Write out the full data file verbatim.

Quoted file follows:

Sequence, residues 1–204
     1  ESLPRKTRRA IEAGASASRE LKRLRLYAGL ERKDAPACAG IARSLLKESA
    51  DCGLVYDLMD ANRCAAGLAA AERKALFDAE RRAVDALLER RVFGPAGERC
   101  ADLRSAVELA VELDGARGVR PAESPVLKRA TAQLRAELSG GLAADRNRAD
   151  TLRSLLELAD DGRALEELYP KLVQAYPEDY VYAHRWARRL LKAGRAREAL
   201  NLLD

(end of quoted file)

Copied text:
Sequence, residues 1–204
     1  ESLPRKTRRA IEAGASASRE LKRLRLYAGL ERKDAPACAG IARSLLKESA
    51  DCGLVYDLMD ANRCAAGLAA AERKALFDAE RRAVDALLER RVFGPAGERC
   101  ADLRSAVELA VELDGARGVR PAESPVLKRA TAQLRAELSG GLAADRNRAD
   151  TLRSLLELAD DGRALEELYP KLVQAYPEDY VYAHRWARRL LKAGRAREAL
   201  NLLD